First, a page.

Science fiction and fantasy                                            



Stalking Darkness

by Lynn Flewelling

cover  

Seregil of Rhíminee is one of fantasy's most memorable characters. He's one of the Aurenfaie, or fairy, people and unashamedly out, yet brave and good with a sword. A quick-witted and cunning thief and spy, he combines the traditional qualities of a fantasy hero with a talent for the unexpected. In Stalking Darkness he has to contend with the approach of war and the evil of certain necromancers who are searching for him. He's also struggling to keep a lid on his feelings for Alec of Kerry, his bashful young apprentice nightrunner.

The wizard Nysander sends Seregil off to retrieve an object of great magical power. But he swears Seregil to secrecy on pain of death, both his and other people's, refusing to give an explanation for his actions. Meanwhile Alec and Seregil find themselves being followed through the streets and alleys of Rhíminee, and there's evidence of sabotage of the city defences whilst the people of the city prepare it for war.Thieving, running around on roofs and in sewers, horses and swords: it's that sort of fantasy. There's plenty of action and a high bodycount, and sometimes it can be gory. We also see a lot more of Beka Cavish, as Micum's feisty daughter becomes a lieutenant in the Horse Guard.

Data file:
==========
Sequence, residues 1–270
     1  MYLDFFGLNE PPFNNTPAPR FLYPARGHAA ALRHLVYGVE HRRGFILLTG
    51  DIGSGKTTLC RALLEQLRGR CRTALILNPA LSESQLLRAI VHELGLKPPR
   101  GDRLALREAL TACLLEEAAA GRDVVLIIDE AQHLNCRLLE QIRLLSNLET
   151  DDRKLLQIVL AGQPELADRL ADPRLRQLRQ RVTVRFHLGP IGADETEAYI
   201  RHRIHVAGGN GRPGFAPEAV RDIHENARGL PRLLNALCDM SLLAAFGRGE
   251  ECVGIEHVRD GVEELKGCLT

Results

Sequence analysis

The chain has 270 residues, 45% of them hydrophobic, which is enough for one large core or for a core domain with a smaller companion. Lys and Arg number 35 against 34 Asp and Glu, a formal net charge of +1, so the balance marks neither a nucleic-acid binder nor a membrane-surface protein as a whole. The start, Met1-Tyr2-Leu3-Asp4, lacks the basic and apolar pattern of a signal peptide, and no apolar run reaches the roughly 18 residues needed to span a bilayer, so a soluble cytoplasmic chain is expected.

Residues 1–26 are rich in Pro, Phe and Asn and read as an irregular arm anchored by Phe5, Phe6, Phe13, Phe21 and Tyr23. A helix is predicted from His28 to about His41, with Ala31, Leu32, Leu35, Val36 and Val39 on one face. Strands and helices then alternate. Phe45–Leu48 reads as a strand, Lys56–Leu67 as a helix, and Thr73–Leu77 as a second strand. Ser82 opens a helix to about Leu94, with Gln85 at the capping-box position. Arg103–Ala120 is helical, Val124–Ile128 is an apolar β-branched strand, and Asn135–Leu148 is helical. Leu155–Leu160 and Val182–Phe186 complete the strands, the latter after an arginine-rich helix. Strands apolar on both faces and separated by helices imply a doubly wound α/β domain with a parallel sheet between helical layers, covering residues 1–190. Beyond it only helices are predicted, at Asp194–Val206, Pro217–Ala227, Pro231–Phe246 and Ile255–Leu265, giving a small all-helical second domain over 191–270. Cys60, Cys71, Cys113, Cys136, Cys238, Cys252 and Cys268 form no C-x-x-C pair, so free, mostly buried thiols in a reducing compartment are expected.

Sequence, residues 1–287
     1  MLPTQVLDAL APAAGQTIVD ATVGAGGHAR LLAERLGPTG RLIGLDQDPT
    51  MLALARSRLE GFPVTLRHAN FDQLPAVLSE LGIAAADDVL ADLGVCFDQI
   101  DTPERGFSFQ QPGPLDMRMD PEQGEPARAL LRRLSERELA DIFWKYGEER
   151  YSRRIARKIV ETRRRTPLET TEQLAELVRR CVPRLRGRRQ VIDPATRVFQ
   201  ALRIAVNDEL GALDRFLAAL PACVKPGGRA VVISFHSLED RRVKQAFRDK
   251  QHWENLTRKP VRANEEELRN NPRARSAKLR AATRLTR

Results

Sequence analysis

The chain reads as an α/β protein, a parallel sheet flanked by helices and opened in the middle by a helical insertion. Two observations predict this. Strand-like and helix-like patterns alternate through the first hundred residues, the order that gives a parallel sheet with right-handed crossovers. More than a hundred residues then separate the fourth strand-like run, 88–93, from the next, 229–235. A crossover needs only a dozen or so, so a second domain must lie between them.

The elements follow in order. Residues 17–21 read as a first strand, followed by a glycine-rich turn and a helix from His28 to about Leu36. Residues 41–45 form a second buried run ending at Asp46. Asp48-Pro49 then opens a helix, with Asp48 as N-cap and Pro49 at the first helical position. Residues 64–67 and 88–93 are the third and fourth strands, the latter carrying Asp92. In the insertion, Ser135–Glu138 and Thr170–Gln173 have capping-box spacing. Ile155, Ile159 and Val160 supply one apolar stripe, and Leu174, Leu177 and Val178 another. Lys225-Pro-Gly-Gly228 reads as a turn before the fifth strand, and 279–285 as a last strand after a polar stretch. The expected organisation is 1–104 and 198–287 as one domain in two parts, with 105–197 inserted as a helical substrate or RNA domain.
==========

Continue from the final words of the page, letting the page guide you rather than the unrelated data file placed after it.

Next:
There's a certain amount of intrigue and a good helping of magical omens and visions presaging doom. We are left wondering where the loyalties of Thero, Nysander's apprentice, lie, and what big secret Nysander is keeping from everyone. Yet the story takes a fairly straightforward direction and it doesn't take a genius to work out where it's headed.

Lynn Flewelling's characterisation is very effective, so even when characters have stock roles to play you find yourself believing in them and caring about what happens to them. This is an entertaining and emotionally involving story against a fairly standard backdrop of magic, intrigue, and whacking people with swords. It crackles with gay sexual tension, but although that may be a niche taste the descriptions of sex are never too graphic. There's also a coming-of-age aspect to the tale as Alec learns more about himself and his heritage.

Although this is the second book in the Nightrunner series it isn't a middle-of-the-trilogy book in which very little happens. It ties up the events in Luck in the Shadows very neatly and reaches a satisfying finale. This is enjoyable escapist fantasy, absorbing fun that's not too dense or pretentious. Whilst it's not vastly off-the-wall or weird, it is just a little different. Stalking Darkness is a well-written story with characters who draw the reader into their intense world. Recommended.

Book Details

Decade: 1990s

Categories: Books

  Fantasy
 
  Cheerful
  Male Protagonist  

If you like this, try:

The Still cover    

The Still by David Feintuch
Rodrigo is a young prince fighting to claim his kingdom in this fantasy of war and betrayal.



4 star rating

Review © Ros Jackson
More about Lynn Flewelling

Comments

anonymous     1st April, 2006 21:21pm

This was a great book. It left you wanting to read more

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